My bike is a Class 3 e-bike, meaning that the motor assist cuts off above 28mph, rather than 20mph as with Class 1 or Class 2. At 28mph and above, any bike rider tends to be largely on the 11T cog.
The 11T cog is easy to replace, relative to the other cogs that are attached to spiders or, in the case of SRAM, are machined in a single piece. That’s another reason why I replace that cog alone.
Just a quick point on chain articulation. True, the larger the ring, the less a link bends engaging it. However, the number of links that engage per revolution increases proportionally. So the total articulation (angle/link x number of links) is always 360 degrees per crank revolution irrespective of ring size. What changes is chain tension for a given torque. This suggests it’s the decrease in tension, not any difference in articulation angle, that makes larger ring-cog combinations more efficient.
More tubeless tire talk
To answer the questions in your recent column, the rims are from 2017 and are the Plus model. The tires were the new Continental tubeless Grand Prix 5000 in the 25mm width.
Just reading your column. There was some question about what Hed Ardennes rims are tubeless compatible. Here’s an email from Andy Tetmeyer from 2017 about this rim – it was in response to my inquiry about a replacement rim after hitting a rock on a descent.
We had one 23mm rim that was tubeless-ready, and it is the one that Art references on the link you sent me. That particular extrusion comprised less than one percent of our 23mm rim production. I do not have any more 24-hole rims in that extrusion, only 18s. The other 23mm extrusion is the C2, and that is not tubeless compatible.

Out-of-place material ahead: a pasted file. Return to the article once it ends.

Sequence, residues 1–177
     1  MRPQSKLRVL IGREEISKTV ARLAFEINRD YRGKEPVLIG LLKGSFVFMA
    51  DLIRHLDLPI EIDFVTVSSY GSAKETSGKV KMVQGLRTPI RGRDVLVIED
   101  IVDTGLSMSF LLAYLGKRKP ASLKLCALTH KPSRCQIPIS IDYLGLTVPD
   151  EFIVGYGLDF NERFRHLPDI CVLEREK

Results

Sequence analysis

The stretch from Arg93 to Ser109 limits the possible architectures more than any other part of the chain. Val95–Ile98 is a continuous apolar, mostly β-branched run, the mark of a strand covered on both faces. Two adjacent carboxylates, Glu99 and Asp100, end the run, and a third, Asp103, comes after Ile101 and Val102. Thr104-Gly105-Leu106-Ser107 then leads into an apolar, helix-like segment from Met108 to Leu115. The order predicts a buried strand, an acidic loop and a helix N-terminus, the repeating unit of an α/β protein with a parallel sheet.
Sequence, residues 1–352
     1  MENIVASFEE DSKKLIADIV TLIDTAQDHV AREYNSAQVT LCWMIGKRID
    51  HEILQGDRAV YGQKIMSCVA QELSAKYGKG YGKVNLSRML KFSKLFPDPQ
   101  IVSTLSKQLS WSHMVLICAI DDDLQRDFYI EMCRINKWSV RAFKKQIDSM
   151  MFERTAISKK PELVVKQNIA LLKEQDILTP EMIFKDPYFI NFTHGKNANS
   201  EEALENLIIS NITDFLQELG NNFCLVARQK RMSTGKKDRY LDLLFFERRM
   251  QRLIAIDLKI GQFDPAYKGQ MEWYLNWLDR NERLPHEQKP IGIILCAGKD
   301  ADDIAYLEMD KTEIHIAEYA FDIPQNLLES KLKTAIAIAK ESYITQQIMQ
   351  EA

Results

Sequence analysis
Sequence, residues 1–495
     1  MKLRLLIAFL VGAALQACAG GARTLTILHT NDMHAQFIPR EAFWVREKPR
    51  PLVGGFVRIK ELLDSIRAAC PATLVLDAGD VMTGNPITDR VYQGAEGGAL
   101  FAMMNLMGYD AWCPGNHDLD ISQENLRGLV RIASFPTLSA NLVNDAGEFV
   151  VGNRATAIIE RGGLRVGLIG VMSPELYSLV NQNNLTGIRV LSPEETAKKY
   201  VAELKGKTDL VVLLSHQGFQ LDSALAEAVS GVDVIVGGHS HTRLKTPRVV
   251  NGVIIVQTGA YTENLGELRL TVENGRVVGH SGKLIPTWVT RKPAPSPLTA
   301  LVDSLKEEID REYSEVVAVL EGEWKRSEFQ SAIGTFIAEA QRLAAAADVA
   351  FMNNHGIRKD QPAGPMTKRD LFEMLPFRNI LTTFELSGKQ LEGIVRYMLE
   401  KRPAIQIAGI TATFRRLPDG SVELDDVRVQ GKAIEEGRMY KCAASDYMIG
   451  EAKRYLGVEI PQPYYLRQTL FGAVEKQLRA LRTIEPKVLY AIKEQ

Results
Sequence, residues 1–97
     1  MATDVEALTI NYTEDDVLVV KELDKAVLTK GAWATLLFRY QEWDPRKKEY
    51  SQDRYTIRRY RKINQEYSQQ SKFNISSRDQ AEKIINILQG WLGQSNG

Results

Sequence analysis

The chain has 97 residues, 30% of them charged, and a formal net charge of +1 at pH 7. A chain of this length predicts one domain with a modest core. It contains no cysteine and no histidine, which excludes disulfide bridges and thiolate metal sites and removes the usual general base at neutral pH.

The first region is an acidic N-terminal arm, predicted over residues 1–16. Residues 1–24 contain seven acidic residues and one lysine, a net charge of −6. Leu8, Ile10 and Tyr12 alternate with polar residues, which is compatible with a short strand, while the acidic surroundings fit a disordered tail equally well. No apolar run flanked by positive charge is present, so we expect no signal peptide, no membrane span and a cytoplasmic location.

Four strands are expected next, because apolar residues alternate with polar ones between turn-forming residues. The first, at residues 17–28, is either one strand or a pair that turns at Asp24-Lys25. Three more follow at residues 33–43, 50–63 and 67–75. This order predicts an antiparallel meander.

Repository of Knowledge
Hed Cycling Products
So, it does seem like a small percentage of the 23mm wide Ardennes were tubeless compatible (not just the plus size). My rims are Hed Ardennes SL and I have ridden two Haute Route Alps on them without incident.
I have found that I can deal with difficult to mount/remove tubeless tires by using the Tubeless Solutions Bead Biter levers. They can be hard to find. I bought mine on Amazon. They are stiff enough to pull tires with tight beads off, and the other end can grip the rim, creating a barrier that prevents the bead from coming off the rim when I lever the last section on.
I also depend on the Tubeless Solutions Bead Biter levers for really hard to mount or remove tires. They can be a bit hard to squeeze and get to clamp onto the rim bead. Once on there, though, they keep the bead from regressing from the point you had advanced it to with the tire lever. They are far better than fighting with multiple standard tire levers.
I use a Sector 28 as my rear tire and never even noticed that the minimum pressure is so high. I wonder if the limit has more to do with the impact on ride. I have experimented with lower pressures, but I have experienced resonance at higher speeds on rough descents. I am a tall rider (6’5, 205) and am happy with 80psi.
Lennard Zinn, our longtime technical writer, joined VeloNews in 1987. He is also a custom frame builder (www.zinncycles.com) and purveyor of non-custom huge bikes (bikeclydesdale.com), a former U.S. national team rider, co-author of “The Haywire Heart,” and author of many bicycle books including “Zinn and the Art of Road Bike Maintenance,” “DVD, as well as “Zinn and the Art of Triathlon Bikes” and “Zinn’s Cycling Primer: Maintenance Tips and Skill Building for Cyclists.”
He holds a bachelor’s in physics from Colorado College.